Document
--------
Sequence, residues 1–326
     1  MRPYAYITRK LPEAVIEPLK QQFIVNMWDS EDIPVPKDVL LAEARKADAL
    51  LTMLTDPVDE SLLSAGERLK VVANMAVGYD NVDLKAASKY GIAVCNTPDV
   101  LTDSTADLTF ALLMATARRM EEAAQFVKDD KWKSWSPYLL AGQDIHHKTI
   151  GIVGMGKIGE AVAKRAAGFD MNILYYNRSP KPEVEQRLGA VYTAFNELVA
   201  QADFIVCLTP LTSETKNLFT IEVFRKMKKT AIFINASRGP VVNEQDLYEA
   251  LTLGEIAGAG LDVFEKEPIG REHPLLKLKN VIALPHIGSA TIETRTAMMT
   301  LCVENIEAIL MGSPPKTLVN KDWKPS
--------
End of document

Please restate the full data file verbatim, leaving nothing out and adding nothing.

Sequence, residues 1–326
     1  MRPYAYITRK LPEAVIEPLK QQFIVNMWDS EDIPVPKDVL LAEARKADAL
    51  LTMLTDPVDE SLLSAGERLK VVANMAVGYD NVDLKAASKY GIAVCNTPDV
   101  LTDSTADLTF ALLMATARRM EEAAQFVKDD KWKSWSPYLL AGQDIHHKTI
   151  GIVGMGKIGE AVAKRAAGFD MNILYYNRSP KPEVEQRLGA VYTAFNELVA
   201  QADFIVCLTP LTSETKNLFT IEVFRKMKKT AIFINASRGP VVNEQDLYEA
   251  LTLGEIAGAG LDVFEKEPIG REHPLLKLKN VIALPHIGSA TIETRTAMMT
   301  LCVENIEAIL MGSPPKTLVN KDWKPS